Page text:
PIERRE — Will the Legislature cure the tax flaw the Big Stone electricity plant? In 2006, lawmakers granted the Big Stone plant a property-tax exemption on the additional environmental equipment needed to meet clean-air regulations, but the law didn’t account for the construction period. HB 1153 covers that gap. Prime sponsor is Rep. Jim Peterson, D-Revillo, while Sen. Tim Begalka, R-Clear Lake, has it in the Senate. The bill also ends the general tax break Jan. 1, 2024.
Is it true there could be organ-donor license plates? The legislation, HB 1162, comes from House Republican leader David Lust of Rapid City but has bipartisan support. Organ donor programs could submit designs to the state Division of Motor Vehicles. The special plates would be free at the time of registration of a vehicle or $10 if requested later.
Will teachers get a bonus if they don’t have many students needing remedial courses in college? Promoting that idea via HB 1166 is Rep. Lee Qualm, R-Platte. He wants $1 million set aside to spread among teachers in the 10 percent of school districts that have the lowest percentages of graduates requiring remedial coursework.
What’s the latest term-limits talk? Sen. Al Novstrup, R-Aberdeen, wants to put on the 2014 statewide ballot a constitutional amendment that would switch the Senate to four-year terms for terms that begin in a year that ends in a three or a seven, while keeping the current two-year term for terms that begin in a year that ends in one. He also would change the term limit for a senator to be no more than 10 consecutive years or three consecutive terms, whichever is longer. This is Senate Joint Resolution 1.
What about the House? Novstrup wouldn’t change the two-year terms in the House of Representatives, nor would he change the limit of four consecutive House terms.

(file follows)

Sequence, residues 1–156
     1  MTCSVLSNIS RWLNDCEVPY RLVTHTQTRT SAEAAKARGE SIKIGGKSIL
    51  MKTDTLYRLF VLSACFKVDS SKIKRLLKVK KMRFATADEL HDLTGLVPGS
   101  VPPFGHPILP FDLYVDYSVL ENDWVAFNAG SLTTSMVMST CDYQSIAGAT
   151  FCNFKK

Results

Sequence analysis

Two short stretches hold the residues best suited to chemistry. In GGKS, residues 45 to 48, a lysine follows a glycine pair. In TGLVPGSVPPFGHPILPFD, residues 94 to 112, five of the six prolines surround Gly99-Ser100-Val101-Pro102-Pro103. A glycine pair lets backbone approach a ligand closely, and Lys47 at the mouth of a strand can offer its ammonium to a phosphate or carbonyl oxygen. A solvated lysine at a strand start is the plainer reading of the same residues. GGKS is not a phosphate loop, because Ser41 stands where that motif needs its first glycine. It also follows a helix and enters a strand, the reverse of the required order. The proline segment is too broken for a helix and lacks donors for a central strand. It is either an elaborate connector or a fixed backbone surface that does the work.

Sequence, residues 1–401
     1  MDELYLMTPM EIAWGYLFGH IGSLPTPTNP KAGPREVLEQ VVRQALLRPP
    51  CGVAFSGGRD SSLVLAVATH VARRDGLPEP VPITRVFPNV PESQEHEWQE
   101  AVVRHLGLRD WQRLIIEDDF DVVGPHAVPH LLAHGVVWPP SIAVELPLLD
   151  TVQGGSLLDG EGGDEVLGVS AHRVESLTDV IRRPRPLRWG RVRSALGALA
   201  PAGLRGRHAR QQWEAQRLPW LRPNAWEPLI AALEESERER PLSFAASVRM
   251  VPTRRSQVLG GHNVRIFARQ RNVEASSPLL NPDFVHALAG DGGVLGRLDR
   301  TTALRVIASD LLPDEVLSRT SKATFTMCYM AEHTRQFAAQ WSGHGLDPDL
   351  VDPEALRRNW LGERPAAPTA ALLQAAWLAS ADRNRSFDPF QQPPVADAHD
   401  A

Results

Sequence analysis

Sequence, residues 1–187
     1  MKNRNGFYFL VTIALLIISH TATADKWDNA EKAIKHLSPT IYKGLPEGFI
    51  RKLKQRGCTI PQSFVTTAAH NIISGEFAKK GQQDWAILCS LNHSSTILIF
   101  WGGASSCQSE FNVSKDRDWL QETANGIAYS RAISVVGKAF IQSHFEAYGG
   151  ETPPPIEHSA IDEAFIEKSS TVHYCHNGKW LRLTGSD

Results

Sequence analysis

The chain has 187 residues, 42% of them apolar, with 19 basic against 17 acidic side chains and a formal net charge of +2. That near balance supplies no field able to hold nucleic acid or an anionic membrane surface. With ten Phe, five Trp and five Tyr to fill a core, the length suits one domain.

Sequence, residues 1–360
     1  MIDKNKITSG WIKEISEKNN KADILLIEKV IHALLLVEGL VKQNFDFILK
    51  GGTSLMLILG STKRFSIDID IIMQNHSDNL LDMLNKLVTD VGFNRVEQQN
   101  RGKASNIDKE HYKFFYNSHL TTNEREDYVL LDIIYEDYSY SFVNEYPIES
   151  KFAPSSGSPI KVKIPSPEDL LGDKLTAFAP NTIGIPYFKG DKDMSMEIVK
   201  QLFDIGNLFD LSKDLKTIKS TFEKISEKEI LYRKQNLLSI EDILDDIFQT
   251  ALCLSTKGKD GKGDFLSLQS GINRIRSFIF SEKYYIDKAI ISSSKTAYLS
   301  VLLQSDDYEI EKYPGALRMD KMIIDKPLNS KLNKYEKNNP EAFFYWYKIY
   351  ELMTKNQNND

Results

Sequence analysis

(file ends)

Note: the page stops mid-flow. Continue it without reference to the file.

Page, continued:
Why is Sen. Corey Brown trying to make it harder for voters to pass a tax increase? The South Dakota Constitution already requires that tax increases and new taxes receive a two-thirds majority in each chamber of the Legislature for passage. Brown, R-Gettysburg, wants to put voters on the same level with legislators by requiring a two-thirds majority on ballot measures that would create or raise taxes.
What about extending taxes past their ending date? Brown’s proposed constitutional amendment would require a two-thirds majority, whether by legislators or voters, for those too. Currently it’s easier to increase or create a tax through a ballot measure because only a simple majority is needed. Brown’s proposal is Senate Joint Resolution 2. It also would require that any changes to that section of the constitution would need two-thirds, too.
Is drainage a big issue again this year? It soon might be, with the introduction of SB 179 by Sen. Mike Vehle, R-Mitchell. He hopes the Legislature will adopt a law creating a uniform application for drainage permits for counties to use.
What’s the next move for Sen. Larry Lucas on the social-host issue? Lucas, D-Mission, thought the Senate State Affairs Committee killed SB 94 for partisan reasons Wednesday. He said he plans to introduce a new version of the same bill so that senators have to consider the issue again. He’s trying to penalize adults who are hosts of gatherings where under-age drinking occurs.
So Blood Run won’t be the name of the proposed new state park? The governor wants the name of the development at the Blood Run historic site in Lincoln County, just south of Sioux Falls, to be called Good Earth State Park. The legislation, SB 186, was introduced Wednesday.